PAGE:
New Westminster has promise, but when will it come?
Re: Tired of the 12th Street rag (NewsLeader, Sept. 14)
I was very happy to read Chris Bryan's column. Happy to see the dialogue kept open about the problem with the vibrancy, or any existence really, of New West commercial districts.
I moved here from Vancouver a year ago now. I grew up in Kitsilano and Point Grey, and because I'm not a billionaire had to look elsewhere when my family decided it was time to get into the housing market. First we considered Burnaby, but, really there are only a couple of livable neighbourhoods in Burnaby. By livable, I mean you can walk from your house to a grocery store, to transit, to anything—you don't have to get in your car. When we first came to New West to look at houses, I fell in love right away. It felt like Kitsilano! Craftsman houses, grid streets and importantly, the high-street model, where there are pedestrian scale commercially zoned streets. Charming streets with the promise of coffee shops, a hardware store, a seafood store, butcher shop, clothing boutique, produce store—oh wait, I'm describing Fourth Avenue in Vancouver. Unfortunately, the key word in relation to New West is "promise."
A quick aside, I studied Urban Geography and Landscape Architecture in university so (I believe) I have an understanding of urban form and function and the historical successes and failures in urban planning. Living in Vancouver I have seen many of the successes. When I look at New West, I see great bones and many elements that are similar to ones in Vancouver. I see a Yaletown, a Coal Harbour, a Kitsilano. There's a historical downtown, a waterfront, a few "high streets," great parks, charming neighbourhoods with well-kept historical houses with lovely gardens, and well served by SkyTrain. Nothing but promise.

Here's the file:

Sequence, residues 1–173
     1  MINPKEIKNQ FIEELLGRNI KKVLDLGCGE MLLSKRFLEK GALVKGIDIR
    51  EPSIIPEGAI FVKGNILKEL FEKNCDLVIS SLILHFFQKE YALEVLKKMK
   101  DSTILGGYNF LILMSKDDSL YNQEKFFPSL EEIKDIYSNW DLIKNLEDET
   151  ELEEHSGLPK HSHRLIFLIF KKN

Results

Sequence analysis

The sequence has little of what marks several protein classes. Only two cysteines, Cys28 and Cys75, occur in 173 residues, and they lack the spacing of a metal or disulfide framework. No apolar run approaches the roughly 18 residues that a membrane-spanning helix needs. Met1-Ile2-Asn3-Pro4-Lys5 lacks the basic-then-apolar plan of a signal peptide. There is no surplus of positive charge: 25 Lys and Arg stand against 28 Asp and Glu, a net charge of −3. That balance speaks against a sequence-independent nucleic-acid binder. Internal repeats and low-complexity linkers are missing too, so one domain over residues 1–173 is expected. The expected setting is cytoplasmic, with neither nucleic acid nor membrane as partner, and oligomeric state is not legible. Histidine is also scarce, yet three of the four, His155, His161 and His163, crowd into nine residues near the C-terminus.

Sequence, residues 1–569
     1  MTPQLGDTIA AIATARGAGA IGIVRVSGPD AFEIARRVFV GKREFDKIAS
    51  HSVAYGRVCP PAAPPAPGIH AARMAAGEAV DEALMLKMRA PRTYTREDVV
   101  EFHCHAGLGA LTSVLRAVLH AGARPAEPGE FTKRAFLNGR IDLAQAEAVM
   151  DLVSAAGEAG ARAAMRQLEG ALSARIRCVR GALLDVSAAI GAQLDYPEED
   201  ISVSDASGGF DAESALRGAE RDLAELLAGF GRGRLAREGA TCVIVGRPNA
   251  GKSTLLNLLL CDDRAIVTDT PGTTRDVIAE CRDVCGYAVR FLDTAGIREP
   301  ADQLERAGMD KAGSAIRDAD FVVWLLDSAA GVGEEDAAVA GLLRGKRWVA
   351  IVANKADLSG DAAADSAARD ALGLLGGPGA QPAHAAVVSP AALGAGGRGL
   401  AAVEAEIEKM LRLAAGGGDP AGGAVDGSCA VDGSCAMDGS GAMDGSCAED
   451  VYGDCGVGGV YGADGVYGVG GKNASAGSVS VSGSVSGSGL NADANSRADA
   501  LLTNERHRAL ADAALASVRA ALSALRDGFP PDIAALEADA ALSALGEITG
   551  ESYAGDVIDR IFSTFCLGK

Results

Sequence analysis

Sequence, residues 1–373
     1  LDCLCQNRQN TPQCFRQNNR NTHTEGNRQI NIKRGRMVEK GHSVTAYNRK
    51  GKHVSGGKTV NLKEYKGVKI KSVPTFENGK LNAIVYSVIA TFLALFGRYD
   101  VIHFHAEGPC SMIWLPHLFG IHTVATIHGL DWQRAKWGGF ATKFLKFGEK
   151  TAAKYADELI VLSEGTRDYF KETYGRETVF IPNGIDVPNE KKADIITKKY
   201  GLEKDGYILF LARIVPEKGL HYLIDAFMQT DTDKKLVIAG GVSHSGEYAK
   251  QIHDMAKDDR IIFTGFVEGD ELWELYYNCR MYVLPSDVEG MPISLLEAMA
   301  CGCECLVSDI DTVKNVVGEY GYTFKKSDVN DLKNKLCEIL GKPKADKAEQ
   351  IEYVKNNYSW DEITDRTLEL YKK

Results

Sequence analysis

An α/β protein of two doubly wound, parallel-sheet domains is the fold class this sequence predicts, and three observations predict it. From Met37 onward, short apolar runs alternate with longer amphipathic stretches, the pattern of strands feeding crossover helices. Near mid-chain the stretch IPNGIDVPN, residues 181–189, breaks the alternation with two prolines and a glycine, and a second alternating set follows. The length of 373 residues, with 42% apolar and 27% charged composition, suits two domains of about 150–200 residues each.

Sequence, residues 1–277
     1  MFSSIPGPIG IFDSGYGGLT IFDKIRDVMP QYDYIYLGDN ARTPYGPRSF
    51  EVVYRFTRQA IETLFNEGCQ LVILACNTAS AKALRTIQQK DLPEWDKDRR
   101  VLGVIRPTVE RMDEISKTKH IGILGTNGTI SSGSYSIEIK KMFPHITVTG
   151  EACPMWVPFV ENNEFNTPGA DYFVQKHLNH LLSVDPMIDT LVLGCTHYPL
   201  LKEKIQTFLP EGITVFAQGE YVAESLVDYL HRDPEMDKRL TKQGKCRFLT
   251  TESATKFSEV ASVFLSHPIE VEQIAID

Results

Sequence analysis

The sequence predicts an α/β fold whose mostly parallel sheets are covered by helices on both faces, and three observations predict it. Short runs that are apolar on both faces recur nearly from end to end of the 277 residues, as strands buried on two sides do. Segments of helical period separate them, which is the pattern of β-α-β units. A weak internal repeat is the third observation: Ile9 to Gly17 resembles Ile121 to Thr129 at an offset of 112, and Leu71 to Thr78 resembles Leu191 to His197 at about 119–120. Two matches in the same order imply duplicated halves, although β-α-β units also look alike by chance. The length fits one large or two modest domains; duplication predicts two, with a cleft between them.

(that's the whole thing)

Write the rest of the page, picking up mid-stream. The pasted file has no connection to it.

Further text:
So why is New West trapped in the '80s? When we first moved here, my husband and I tried to patronize the local restaurants and bars. We went Downtown. We walked into, and then quickly out of a number of places. They were disgusting! Sorry, but that's how we felt. Homeowners seem to care about their homes; how come many business owners don't seem to care here? I've tried to keep my business transactions in town, but the places are either so run down or they don't exist.
Unfortunately, you can't force businesses to open up, and running a business and especially a restaurant is very risky. More population base helps, so the classic townhouse on top of retail, which is happening on Eighth Avenue near McBride Boulevard, is a move in the right direction.
As is showing pride in place with progressive design as shown in Pier Park (I love it!). However, perhaps the detractions of New West—such as the horrendous traffic routes which encircle the city and disengage the waterfront, and the ridiculous train noise—are too much to overcome.
I am anxiously waiting to read your next column and your proposed "shock treatments".
Thanks again for fighting the fight.